But dub sensibility permeates the whole album, even when the songs aren’t grounded in reggae riddim. It makes the beats slippery and softens the edges of the guitars. The ghostly sound and downbeat atmosphere of tracks like “Rebel Waltz” and “Something About England” uncannily anticipate Damon Albarn’s project the Good, the Bad & the Queen. Then again, maybe that’s not so uncanny given that the Blur singer’s supergroup involved Clash bassman Paul Simonon.

Sandinista! is an odd blend of glum and goofy. There’s a surprising amount of comedy here. Strummer’s hoarsely rapped stream-of-consciousness on “The Magnificent Seven” signs off with an absurdist headline: “News Flash: Vacuum Cleaner Sucks Up Budgie.” The jaunty, gospel-tinged “The Sound of Sinners” ends with the well-spoken tones of an Anglican vicar inviting the congregation to leave money in the collection box. The Clash take the piss out of themselves and their already mythologized history: Maria, toddler-age daughter of guest keyboard player Mick Gallagher, squeaks out a version of “The Guns of Brixton” to close “Broadway,” and her slightly older brothers, Luke and Ben, similarly transform “Career Opportunities” into bouncy innocence. Parts of Sandinista! are plain silly, such as the psychedelic folly “Mensforth Hill” (which is “Something About England” played backwards, with additional overdubs) and “Shepherds Delight,” which could be an outtake from Pink Floyd’s Ummagumma.

On a more serious tip, “Broadway” starts as a weary ballad-of-sorts, oddly redolent of Joe Jackson’s similarly Manhattan-inspired “Steppin’ Out,” but dejected and footsore, before Strummer rallies with a 6-a.m. burst of piano-vamping energy. The album’s aching heart is “The Call Up,” a panoramic lament for boy soldiers all across the world heading off to an early grave. “There is a rose that I want to live for/Although, God knows, I may not have met her,” Strummer rasps. “There is a town unlike any other.” The song’s hard-to-tag cross-culture groove — Balinese skank? — looks ahead to the desolate pacifism of “Straight to Hell,” the band’s single most inventive piece of music.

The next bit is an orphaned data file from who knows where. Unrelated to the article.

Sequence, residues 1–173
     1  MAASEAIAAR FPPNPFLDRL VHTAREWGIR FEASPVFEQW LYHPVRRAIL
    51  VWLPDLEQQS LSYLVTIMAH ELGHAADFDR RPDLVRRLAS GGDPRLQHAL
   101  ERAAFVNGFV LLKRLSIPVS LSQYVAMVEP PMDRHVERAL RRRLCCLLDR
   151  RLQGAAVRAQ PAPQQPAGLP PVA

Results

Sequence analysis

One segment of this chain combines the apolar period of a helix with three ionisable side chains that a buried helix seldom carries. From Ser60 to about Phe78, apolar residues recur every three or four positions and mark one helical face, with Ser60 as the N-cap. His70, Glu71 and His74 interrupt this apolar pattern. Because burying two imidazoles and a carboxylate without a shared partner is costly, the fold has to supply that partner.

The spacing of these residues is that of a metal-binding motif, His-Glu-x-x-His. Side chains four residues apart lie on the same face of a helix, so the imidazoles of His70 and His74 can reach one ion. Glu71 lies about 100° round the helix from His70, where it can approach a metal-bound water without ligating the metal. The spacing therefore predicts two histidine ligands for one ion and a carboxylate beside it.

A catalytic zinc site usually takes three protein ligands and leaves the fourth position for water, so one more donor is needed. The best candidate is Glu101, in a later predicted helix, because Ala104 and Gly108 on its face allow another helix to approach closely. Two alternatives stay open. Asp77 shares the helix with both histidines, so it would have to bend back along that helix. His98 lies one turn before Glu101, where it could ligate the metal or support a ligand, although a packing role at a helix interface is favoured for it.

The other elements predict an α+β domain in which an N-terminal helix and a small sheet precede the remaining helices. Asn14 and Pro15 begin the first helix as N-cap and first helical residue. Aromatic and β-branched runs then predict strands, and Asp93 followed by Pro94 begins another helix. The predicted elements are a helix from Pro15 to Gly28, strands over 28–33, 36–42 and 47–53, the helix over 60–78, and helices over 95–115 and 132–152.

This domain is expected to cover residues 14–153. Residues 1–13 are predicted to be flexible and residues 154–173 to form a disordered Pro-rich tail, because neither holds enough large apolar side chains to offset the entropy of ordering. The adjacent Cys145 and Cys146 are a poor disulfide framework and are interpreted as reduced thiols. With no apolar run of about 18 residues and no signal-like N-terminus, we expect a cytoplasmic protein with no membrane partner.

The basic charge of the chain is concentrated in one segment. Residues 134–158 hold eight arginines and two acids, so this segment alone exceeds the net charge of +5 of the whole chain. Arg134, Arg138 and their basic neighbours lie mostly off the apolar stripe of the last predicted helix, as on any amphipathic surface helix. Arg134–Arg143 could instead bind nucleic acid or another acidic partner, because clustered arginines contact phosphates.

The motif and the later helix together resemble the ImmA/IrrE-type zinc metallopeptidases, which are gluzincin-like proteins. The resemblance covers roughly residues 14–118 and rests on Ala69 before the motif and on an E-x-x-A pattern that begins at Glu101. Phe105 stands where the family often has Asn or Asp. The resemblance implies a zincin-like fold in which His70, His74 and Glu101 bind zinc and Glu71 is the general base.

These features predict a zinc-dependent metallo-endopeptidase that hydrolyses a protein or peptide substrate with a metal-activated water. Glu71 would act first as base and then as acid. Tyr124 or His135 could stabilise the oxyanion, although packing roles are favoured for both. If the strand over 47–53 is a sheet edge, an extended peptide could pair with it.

That “Straight to Hell” appeared on an album titled Combat Rock, and that the count-in to “The Call Up” is “hup 2-3-4/I love the Marine Corps” chanted with evident enjoyment, highlights the contradiction at the heart of the Clash, an anti-war band helplessly attracted to military heroics and death-or-glory bravado. Original Clash fans who were there in 1977 always go on about “the spirit” of the debut album — how if you were in the audience at their riotous gig at the Rainbow Theatre in London that year, you would have followed Joe and the boys in storming the Houses of Parliament if they’d issued the rally cry. On Sandinista!, despite the title’s salute to the guerrillas of Central America, the band sounds comparatively dispirited, but all the better for it. The Clash seem slightly bemused by their success, drifting along and drifting apart. It’s the kind of album a group makes just before they split up.  

Instead the Clash gathered renewed purpose and hastened to embrace their inevitable fate of rock stardom. Combat Rock, released in 1982, was a single album and contained a couple of surefire hits, “Rock the Casbah” and “Should I Stay or Should I Go.” It involved a much smaller squad of guest musicians than the 23 corralled for Sandinista! The mix was tighter and brighter (it’s the Clash’s best-recorded recording) and it went Top 10 in many countries around the world while eventually racking up double-Platinum sales in America.

Yet many of the directions explored on Sandinista! (the funk and rap, the world-music exoticism, the spoken-word elements) continued on Combat Rock; it’s just that they were focused more effectively. The rudderless meandering, the sound experiments, the trying-on of styles that didn’t really fit — those strategies had served their purpose.